The Myth of the American Dream: Reflections on Affluence,

The Myth of the American Dream: Reflections on Affluence, Autonomy, Safety, and Power This book is a gift to the church More specifically, it s a huge gift to white, American Christians like myself I grew up homeschooled, surrounded by well meaning homeschool parents who were eager to make sure their kids had a safe, good, Christian upbringing They were doing their best But, as Mayfield s book powerfully argues, there is something far greater than that best nothing less than a commitment to seeing all of God s children in every neighborhood flourish.This isn t an easy book This book is a gift to the church More specifically, it s a huge gift to white, American Christians like myself I grew up homeschooled, surrounded by well meaning homeschool parents who were eager to make sure their kids had a safe, good, Christian upbringing They were doing their best But, as Mayfield s book powerfully argues, there is something far greater than that best nothing less than a commitment to seeing all of God s children in every neighborhood flourish.This isn t an easy book to read But it s an important book If you ve ever had a feeling that there must beto life than the script many of us are handed at birth go to college, get a good job, get married, buy a house in a nice neighborhood, send kids to a good school, etc , then this book is a must read this is what we should fear what our own desperate desire for safety might end up doing to those who are beloved in the eyes of God If you are a white North American, you ll find much of this book relatable and probably discomfiting at times Mayfield writes a critique of commonly accepted American values, and observes the ways that these values exclude and oppress, the way that the American dream is actually a burden built upon the bodies of people who are invisible to us, people who we ha this is what we should fear what our own desperate desire for safety might end up doing to those who are beloved in the eyes of God If you are a white North American, you ll find much of this book relatable and probably discomfiting at times Mayfield writes a critique of commonly accepted American values, and observes the ways that these values exclude and oppress, the way that the American dream is actually a burden built upon the bodies of people who are invisible to us, people who we have overlooked or ignored This critique is timely, full of challenging questions, and hinges on hope that God loves the world and is propelling us all into a community that isspacious and tender than any American dream thanks to Netgalley and IVP for this ARC of this book Summary A collection of Christian reflections chronicling the author s awakening to the ways the American dream neither works for everyone nor reflects the values of the kingdom Jesus inaugurated.D L Mayfield reminds me of Tara Westover, author of Educated Both were homeschooled in strongly religious backgrounds, albeit farhealthy and functional in the case of Mayfield What distinguishes them are their very different awakenings, Westover to a love of learning that led her to Harvard a Summary A collection of Christian reflections chronicling the author s awakening to the ways the American dream neither works for everyone nor reflects the values of the kingdom Jesus inaugurated.D L Mayfield reminds me of Tara Westover, author of Educated Both were homeschooled in strongly religious backgrounds, albeit farhealthy and functional in the case of Mayfield What distinguishes them are their very different awakenings, Westover to a love of learning that led her to Harvard and Cambridge, and Mayfield to an awakening to how the structures of the American Dream neither reflected her Christian commitments nor worked well for many in the north Portland neighborhood where she and her husband lived.Mayfield describes this American Dream in terms of four concrete values affluence, autonomy, safety and power She recognizes that the proclamation of Jubilee of Jesus in Luke 4 speaks to people whose lives are characterized by just the opposite the poor, the captive, the blind, and and the oppressed.Perhaps the most winsome aspect of these essays is that the author takes us through the deconstructing of these American Dream values in her own life Teaching English to immigrant women, she learns by the annoying ringing of phones what it means to live from paycheck to paycheck in an affluent society She watches the struggles of her neighbors to meet rising rents in gentrifying Portland She finds her autonomy challenged by Maryan, whose magic pot gets shared around the community and is preferred by her and all to the Insta pot Mayfield thought would make her life better andself sustaining Instead of the free range educational experience of her youth, she understands the critical important of her neighborhood public school to her community.Perhaps at no time in history has a concern for safety been greater It has led us to close our borders and fear of the other Yet we have a 1 in 6 chance of dying of heart disease, 1 in 7 of cancer, but 1 in 3.6 million of dying in a terrorist attack Yet the reality of the refugee experience turned Mayfield s perspective around as she came to understand the dangers these people had endured She describes how she and her mother experienced the welcome of Muslim families, and found herself hoping for her children that they would so learn in these experiences the love of Christ that they are known and valued and love She speaks trenchantly of the deleterious effects of American power on the evangelical faith of her upbringing Empire focuses on ideological sameness make the narrative easy, make it clear Pharaoh will save you Caesar will put bread in your belly The president will make our country great again This leads to small, deformed imaginations I see it in how White evangelical Christianity has been tangled up in the same pull toward greatness, toward power, toward viewing ourselves as specially anointed by God to rule the world, to hold and be in charge This leads to a sense of scarcity, a hallmark of pharaohs throughout the centuries the all consuming fear of losing power I have seen it in the fights for religious liberty that excludes those who aren t Christian, in the narrative that says we are losing the culture war and must fight with every tooth and nail to hold our ground But most important is the belief that exile is a reality to be ignored and feared at all costs, a strange ideological position for those who claim to follow the God of the Israelites p 147.Mayfield challenges us in another essay in this section to learn from the exiles, including exiles from the American Dream like Ida B Wells, black anti lynching crusader who had to flee her business and home in Memphis because of threats on her life She reminds us that Christians are aliens and exiles in the world enthralled with the vision of our coming King, who look for its coming, not in affluence, autonomy, safety and power, but through the cracks in the sidewalks, the neglected yet joyful schools, poor and yet interdependent neighbors, all anticipating the New City to come.The phrase that characterizes Mayfield s writing for me is raw elegance It is raw with the realities of her city and elegant in the depth of reflectiveness that looks beyond failed myths, and the poverty of her community, to glimpse the dream of a greater kingdom It is a time where the flaws and inadequacies of the American dream have been exposed in its dependence on excessive consumerism built on systemic inequities, and where our impregnable safety and power has been riddled by a microscopic virus Voices like Mayfield s are needed to point us to a better dream one large enough to encompass the poor, the captive, the blind, and the powerless all of us really Will we fight to cling to what we must ultimately lose, or listen to what will save us Disclosure of Material Connection I received a complimentary review copy of this book from the publisher The opinions I have expressed are my own This book wasn t what I expected I thought it would be clinical and analytical but instead it runs deep with conviction, unveiling the darkness that hides under the guise of the American Dream It made my heart heavy to read, I felt the weight of injustice that the author encounters every day and I felt the hurt and frustration rolling off each page She rightly points out that the American dream carries a cost so high it means that those who suffer for it will always be those on the edge of so This book wasn t what I expected I thought it would be clinical and analytical but instead it runs deep with conviction, unveiling the darkness that hides under the guise of the American Dream It made my heart heavy to read, I felt the weight of injustice that the author encounters every day and I felt the hurt and frustration rolling off each page She rightly points out that the American dream carries a cost so high it means that those who suffer for it will always be those on the edge of society It s the same in the UK, although there are some differences There was a lot in the book that really challenged me, particularly what community looks like how we truly love our neighbors neighborhood But the one thing that it lacked was talkingabout how Jesus offers a better dream This is what I had hoped the book was about,of a comparison to how the gospel holds out a better hope The author rightly calls out white evangelical churches their lack of loving their neighbors embracing power, but a better hope needs to be held out to people and that hope can only be found in Christ I felt quite conflicted about this as the challenge of the book struck me hard and there were glimmers of gospel hope scattered here and there but I wanted and needed One of the most important books of the year, filled with poetry and fire and the call to imagine a world that is holy and whole. The Myth of the American Dream by D.L MayfieldFor the past 3 4 years I have had a book on my heart to write Not ever having done a writing project, and being deathly afraid of critiques, I took notes, blogged a bit, preached a series with the beginning ideas of the book, and generally avoided doingI grew up in the 70s and 80s My college years were the mid to late 80s I grew up in a fundamentalist Pentecostal church and went to a denominational school to study the Bible, theology, and The Myth of the American Dream by D.L MayfieldFor the past 3 4 years I have had a book on my heart to write Not ever having done a writing project, and being deathly afraid of critiques, I took notes, blogged a bit, preached a series with the beginning ideas of the book, and generally avoided doingI grew up in the 70s and 80s My college years were the mid to late 80s I grew up in a fundamentalist Pentecostal church and went to a denominational school to study the Bible, theology, and missions I also found the writing of Chuck Colson in the late 80s and was constantly challenged by his thinking He wrote of a post Christian America and how we needed to shift paradigms My thinking from that point on never fit with my upbringing exactly My formation early on happened in the Reagan years and being pro life was IT But in the late 80s, something changed I began to SEE the poor I studied thoroughly in Scriptures, making a years long study of the poor and marginalized In all of that, even as a pastor, I did not speak out nearly as much early on By the time I was ready to my denomination had radically shifted to an even harder right wing stance and I knew I was on my way out Even without any sort of audience I still feared writing what needed to be said Enter D.L Mayfield From what I gather in her personal insights in her latest book The Myth of the American Dream I would guess she is about 10 years younger than me And she writes with the ferocity I have felt The book I was going to write had a working title of Living in Babylon It was about the cultural shifts and how ill prepared the American conservative church was for this shift ala Chuck Colson and how we needed to prepare NOW for those shifts Mayfield has written that book She has worked to bring down the curtain and expose, with fierce passion, the desperate situation we have in the American church Walter Brueggemann, an Old Testament scholar, calls the prophets poets Mayfield gravitates to the term poet for her life She s right AND she is a prophet She raises the prophetic voice I need in my own life This book goes directly at main pillars of American myth Affluence, Autonomy, Safety, and Power In each section she raises awareness how each of these dreams work well for the majority culture which is white spoiler alert and is still a fantasy for people of color In her work, she has spent years with immigrants, so a lot of the stories are with immigrant families The beauty of Mayfield s work is she is not writing to simply tear down America She is seeking the Kingdom of God and quite often finds the principles of the Kingdom among the marginalized I could write another review of her book with just her quotes, but here are few to raise your body temperature a bit White evangelicals like myself are uniquely unprepared to engage in issues from an institutional or systemic perspective.The myth of the American Dream comes in many forms, but its most basic iteration goes like this anyone can make something of themselves if only they try hard enough.The antidote to these myths is to consciously remember those who are not writing the history textbooks This last one stood out because just in the last few weeks Attorney General Bill Barr was asked in an interview how history would look back on the Trump administration and he said, summing up, history is written by the winners So, pretty favorably We need the voice of D.L Mayfield Her writing is passionate She seeks the Kingdom of God and challenges what gets in the way She is here to tear down strongholds and her words are taking no prisoners It is May 2020 when I write this and I can easily say this This book is one of the best books I will read this year I wish I had her gutsiness I am grateful she wrote the book I needed to write because this one is far superior Summary Is the American Dream and Christianity compatible A couple of years ago, I learned that the word ambivalent means having mixed feelings or contradictory ideas about something or someone I realized that I have been using the word wrong before that Since then, it keeps coming to mind I have contradictory ideas about The Myth of the American Dream It is a great book I exported my notes and comments on it, and I have 66 pages, 1 3 of the book that has a comment or underlined section Summary Is the American Dream and Christianity compatible A couple of years ago, I learned that the word ambivalent means having mixed feelings or contradictory ideas about something or someone I realized that I have been using the word wrong before that Since then, it keeps coming to mind I have contradictory ideas about The Myth of the American Dream It is a great book I exported my notes and comments on it, and I have 66 pages, 1 3 of the book that has a comment or underlined section.The narrative structure spoke to me because while I have never met DL Mayfield, she puts voice to many things I have felt I have been following her writing for years, her cover story at Christianity Today on Lynching, her Washington Post piece on the revolutionary nature of Mary s Magnificant and too manyarticles to list The Myth of the American Dream, like following her on twitter or reading her work, is about putting out her pain and desire for the world to be different,like the kingdom of God, on display to stir up something, anything in the reader.The Myth of the American Dream I can t think of apart from the coincidental trilogy of books I read along with it Along with this book, and Good, White Racist is Having Nothing, Possessing Everything It is a couple of years old, but it has a similar structure of telling the story of how ministry, as traditionally done, doesn t work Both books point out the weaknesses of unfettered capitalism, and individualistic consumerism contradicts with care for the other They have different settings, Possessing Everything is about urban Indianapolis with mostly Black and Hispanic poor communities Mayfield s lives in suburban Portland, with refugee communities struggling to find a place in the midst of gentrifying liberalism Both bring up education and the problems of white saviors and real introspection about how we can harm as we attempt to serve.With both the writing was excellent and the focus on how traditional White Protestant ministry often seeks to do for or reconstruct communities to look like we think they should instead of how God sees them I do not know how to write about this book because I have far too much to talk about How do I summarize nearly 70 pages of notes and highlights At the beginning of the book, she says, this is a book about paying attention And that is probably the best summary The American Dream is about not paying attention to those who are not doing well ignoring protests or poverty, or the systems that allow some of us to have much and many others to have almost nothing It is not about who is working hardest I can assure you that my work is not hard, but the essential worker making minimum wage is working hard.Mayfield brings to mind the many comments of the Old Testament prophets that remind us of how we treat the poor and marginalized and how that relates to those that are now poor and marginalized What I appreciated about both Possessing Everything and The Myth of the American Dream is that they are focused not on ministry to, but being neighbors to the poor and marginalized Asking people to do good, to give, to be charitable, becomes easy in these kinds of societies asking them to be neighbors with those they most wish to help is not since it points out an inconvenient truth that most of us try hard to forget all the time some of us have worked hard to make sure we are only neighorrs with certain kinds of people, and now we have to live with the results Mayfield cites Lisa Sharon Harper, who reminds us that the American Dream wants us to pay attention to the wrong thing Scripture tells us to, train my eyes and ears toward those who have been saying consistently that all is not well The American Dream wants us to pay attention to the rich and powerful, the good life and to ignore others, if not outright condemn them for their poverty and weakness.One of the significant strengths of The Myth of the American Dream is that Mayfield is not telling the reader what to do This is not three steps to solve global poverty or five steps to bring about justice in your community book Mayfield shows us how to lament what is wrong, her role in it, and the inability of many Christians to even notice Under much of the book is the reverberations of racism and xenophobia Many White authors share dumb White guy stories or condemn those that just don t get it, Mayfield does not, she laments Lament is a very biblical idea It isn t about shame or spinning our wheels, trying to ask what we can do now Lament is about crying out to God, and even better, crying out to God in community.The Myth of the American Dream is not what I would call a feel good book But it is a hopeful one It is hopeful not because with God s strength all problems will be solved but because the is awareness of God s kingdom and the very upsidedown methods that God tends to use.All of this brings me to the ambivalence that I feel about this trilogy of books These are excellent books, among the best books I have read about these issues But I have read many of the same books these authors have I know where the ideas behind the quotes are coming from In large part, there are Black and Indigenous People of Color BIPOC that have done the background thinking Or they have done the individual mentoring that is required for almost every White person that is writing in areas like this All three of these authors are citing their sources, highlighting the work of others that has helped them to see what they did not see before They are telling good stories that hopefully will be read and help change other White people as well But each time I read one of these books and many others as well I am reminded that generally, White people read other White people and the standard books being cited among these types of books, the BIPOC authors and ministry leaders that have done the background work, will not be read as much as these White authors will.The Myth of the American Dream is a great book But so was Twelves Lies that Hold America Captive and Unsettling Truth or dozens of other books that have not gained a widespread audience Buy and read and learn from DL Mayfield s book And then read the many books that she cites and has learned from so that we can start communicating to publishers and bookstores that White readers will read books that were written by people that are not White. It is a weird experience to read D.L Mayfield s The Myth of the American Dream Reflections on Affluence, Autonomy, Safety, and Power while hunkered down alone in my three bedroom home located in one of the rougher areas of Indianapolis s Eastside Not quite in my mid 50 s, I m a paraplegic double amputee who has far outlived my life expectancy with spina bifida and who only recently spent 3 months off work due to amputation of my left leg above the knee I work full time I own my home I d It is a weird experience to read D.L Mayfield s The Myth of the American Dream Reflections on Affluence, Autonomy, Safety, and Power while hunkered down alone in my three bedroom home located in one of the rougher areas of Indianapolis s Eastside Not quite in my mid 50 s, I m a paraplegic double amputee who has far outlived my life expectancy with spina bifida and who only recently spent 3 months off work due to amputation of my left leg above the knee I work full time I own my home I drive I m an activist here in Indianapolis in the area of violence prevention and have helped raise upwards of a million bucks for charities worldwide Yet, the lesson I learn time and time again in life is that I m disposable A Catholic priest told my mother shortly after my birth that it was God s will that I die No kidding Time after time after time in my life, my greatest efforts have still often led to exclusion and separation and segregation and somehow always being less than others I have had relationships end because I could not be the man they wanted me to be I ve, quite literally, lost body parts because mine were deemed of lesser value I have, I am embarrassed to admit, spent most of my life pushing myself to the point of self harm simply trying to be enough Yet, I am never enough I am told this time and time and time again I sought the American Dream, or at least some version of it, but consistently found myself sitting in my wheelchair outside what felt like an impenetrable chain link fence with the American Dream somewhere out of reach up some inaccessible stairway With The Myth of the American Dream, Mayfield explores what she perceives to be the central values of the American Dream Affluence, Autonomy, Safety, and Power Writing essays wrapped around each of these values, Mayfield delves into an examination of whether or not these values, or better spoken The American Dream, is truly compatible with the teachings of Jesus Christ It should be no secret the conclusion that she reaches The Myth of the American Dream is a critique of what has become known as the American Dream and of what has become, far too often, recognized as the contemporary Christian journey It is also, however, a critique that Mayfield turns within as she s never hesitant to turn that societal microscope on herself and to point out her own mistakes, flaws, weaknesses, and inconsistencies The Myth of the American Dream will most resonate with those who appreciate aprogressive Christian theology, though red letter Christians will also find much to embrace here Those who follow a prosperity theology, think Joel Osteen, will likely reject the thoughts put forth here while others will find both food for thought and bristling conflicts The Myth of the American Dream is a weaving together of biblical teaching, personal testimony, and a probing, not particularly gently, of the systemic ways in which living the Christian life can and should conflict with attaining of affluence, autonomy, safety, and power Mayfield, a pastor s daughter and acclaimed author of Assimilate or Go Home, has spent much of her adult life living within Muslim communities abroad and,recently, working with Muslim refugees here in the U.S Along the way, she has observed the myriad of ways in which the American dream is rigged and exclusive of those who don t fit within the majority culture As a middle class white woman, Mayfield is acutely aware that she is both part of the problem and part of the solution It is a powerful experience to read The Myth of the American Dream in the midst of the COVID 19 pandemic that has, indeed, derailed the American dream for thousands of citizens We are learning first hand about the inequities of the system, some of which we knew and some which are far greater than we d ever imagined While I ve long experienced that sense of being disposable, we re caught up now very much in this conflict between those who want to tread lightly as we learn about the virus and deal with its impact and those for whom the risk is lower and the desire to open America is greater Almost without exception, or so it seems, those supporting opening up are those for whom the socioeconomic system is naturally biased toward quite intentionally Refugees are not being welcomed in order to protect America while those already at great risk in the U.S are having their concerns disregarded or are simply being regarded as disposable They re going to die soon anyway, we so frequently hear At times, I longed for Mayfield to delve deeper into the issues being presented While she writes about those refugees seeking safety and fleeing violence or corruption or poverty, there s little time given to those who come simply seeking their own piece of what they perceive to be the American Dream At times, it seems like Mayfield practically idolizes the cultures of others yet fails to recognize their own flaws, weaknesses, and even those things that contributed to people fleeing their birth homes Every culture, I would counter, struggles with the balance of some sort of dream and every culture struggles with affluence, autonomy, safety, and power yet Mayfield spends most of her time writing about why the American dream has become misdirected yet, somehow, the cultures from which people come are somehow preferable There are, of course, legitimate observations to be made In fact, for the most part I agree with a good majority of Mayfield s conclusions I simply wish she d spenttime in exploring why people leave a culture that would seem to be muchtheologically sound for a society that she is claiming is not What s the difference Even for those forced to leave due to war or violence, why do they choose the U.S At times, as well, I thought the debate became somewhat muddled between whether the true concern is the American dream itself or the lack of equity to pursue it Mayfield makes it clear that Jesus himself benefited from those who had wealth and certainly was known to party, yet there are times when The Myth of the American Dream seems to admonish the actual dream while later arguing that the real problem is equity in moving toward it She confesses that the perfect community is one where everyone has the opportunity to pursue the American dream, essentially the opportunity to have enough, yet she often responds guiltily when she realizes that she has wanted or attained somethingindividualistic in nature as if somehow want is inherently bad I wrestled with The Myth of the American Dream I wrestled with it mightily and that s a terrific thing I agreed with it I disagreed with it I laughed I cried I exclaimed I researched I learned I felt admonished I felt convicted I looked inward I did pretty much all the things one should do after reading a book like The Myth of the American Dream and I wrestle with these words still Truthfully, I ve changed my rating for the book several times even while writing this review, always vacillating between 4 and 5 stars and desperately wanting a 4.5 rating to be available because I can t help but think this is a book everyone should read precisely because it will lead to self examination, open discussions, and lots of necessary learning Ultimately, The Myth of the American Dream Reflections on Affluence, Autonomy, Safety, and Power is a book I loved, though it s also a book that I wished had gone deeper and a book that, at times, revealed an unacknowledged privilege from which the writer writes and shares perspectives Nevertheless, this is a beautifully written book that I will undoubtedly read again and will undoubtedly encourage others to read It s likely a book that will continue to inform my theological life and my own personal beliefs and practices as a disposable adult with a disability who both understands the oppressive nature of the socioeconomic system here in the U.S and the ways that even within my own challenges I remain privileged by it The Myth of the American Dream will be released by InterVarsity Press on May 5th Affluence, autonomy, safety, and power These are the central values of the American dream But are they actually compatible with Jesus command to love our neighbor as ourselves In essays grouped around these four values, D L Mayfield asks us to pay attention to the ways they shape our own choices, and the ways those choices affect our neighbors Where did these values come from How have they failed those on the edges of our society And how can we disentangle ourselves from our culture s headlong pursuit of these values and live faithful lives of service to God and our neighbors ✫ Fisica 1 - Principios y Problemas Books ✭ Author Paul W. Zitzewitz – Ralphslaurensoutlet.co.uk autonomy [BOOKS] ✬ The Beautiful Disruption By G.G. Renee Hill – Ralphslaurensoutlet.co.uk safety ➸ [Read] ➳ Games Rednecks Play By Jeff Foxworthy ➽ – Ralphslaurensoutlet.co.uk and power These are the central values of the American dream But are they actually compatible with Jesus command to love our neighbor as ourselves In essays grouped around these four values [PDF / Epub] ☁ The Magic Cottage By James Herbert – Ralphslaurensoutlet.co.uk D L Mayfield asks us to pay attention to the ways they shape our own choices [PDF] ✪ Practical Object-Oriented Design in Ruby: An Agile Primer (Addison-Wesley Professional Ruby Series) 1, Sandi Metz, eBook - Amazon.com Par Sandi Metz – Ralphslaurensoutlet.co.uk and the ways those choices affect our neighbors Where did these values come from How have they failed those on the edges of our society And how can we disentangle ourselves from our culture s headlong pursuit of these values and live faithful lives of service to God and our neighbors Mayfield is a deep feeler and thinker whose writing sometimes comes across asthan weighty, heavy, to me but this very reason is why I ll keep reading her words, because this same weightiness stays with me long after the fact That being said, I m also so glad the epilogue ended on a lighter note because some things, for me, apparently never change.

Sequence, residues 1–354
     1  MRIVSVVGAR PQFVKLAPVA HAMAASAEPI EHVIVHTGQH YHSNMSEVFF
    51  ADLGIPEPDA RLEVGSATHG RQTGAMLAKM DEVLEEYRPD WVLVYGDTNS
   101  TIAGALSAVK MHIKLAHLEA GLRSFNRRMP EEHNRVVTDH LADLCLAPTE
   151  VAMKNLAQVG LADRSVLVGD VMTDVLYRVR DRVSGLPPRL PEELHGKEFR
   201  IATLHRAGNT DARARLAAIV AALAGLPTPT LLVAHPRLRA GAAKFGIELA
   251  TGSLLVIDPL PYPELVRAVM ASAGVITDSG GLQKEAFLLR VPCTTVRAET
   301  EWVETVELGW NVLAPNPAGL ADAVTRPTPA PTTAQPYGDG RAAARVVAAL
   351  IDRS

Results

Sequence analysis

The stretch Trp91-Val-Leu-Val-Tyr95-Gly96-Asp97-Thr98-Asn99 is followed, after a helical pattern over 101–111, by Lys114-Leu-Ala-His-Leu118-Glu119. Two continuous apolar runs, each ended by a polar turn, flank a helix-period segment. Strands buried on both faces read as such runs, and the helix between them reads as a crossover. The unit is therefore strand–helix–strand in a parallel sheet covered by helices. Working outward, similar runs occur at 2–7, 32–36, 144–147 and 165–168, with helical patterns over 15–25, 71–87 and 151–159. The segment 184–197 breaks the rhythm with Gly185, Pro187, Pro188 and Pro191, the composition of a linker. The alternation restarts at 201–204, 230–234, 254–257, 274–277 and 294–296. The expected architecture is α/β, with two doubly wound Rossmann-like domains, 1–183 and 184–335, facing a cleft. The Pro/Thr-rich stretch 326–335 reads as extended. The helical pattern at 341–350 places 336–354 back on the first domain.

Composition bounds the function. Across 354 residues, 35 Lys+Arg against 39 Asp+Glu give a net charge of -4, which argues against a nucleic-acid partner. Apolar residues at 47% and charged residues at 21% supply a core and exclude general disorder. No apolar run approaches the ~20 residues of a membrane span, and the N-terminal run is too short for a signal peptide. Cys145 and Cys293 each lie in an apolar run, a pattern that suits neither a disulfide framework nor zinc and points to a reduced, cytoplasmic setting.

About the Author: D.L. Mayfield

D L Mayfield lives and writes in Portland, OR with her husband and two small children Mayfield likes to write about refugees, theology, and downward mobility, among other topics She has written for places as varied as McSweeneys, Christianity Today, Image journal, and the Toast Her book of essays, Assimilate or Go Home Notes from a Failed Missionary on Rediscovering Faith is forthcoming from HarperOne in August 2016.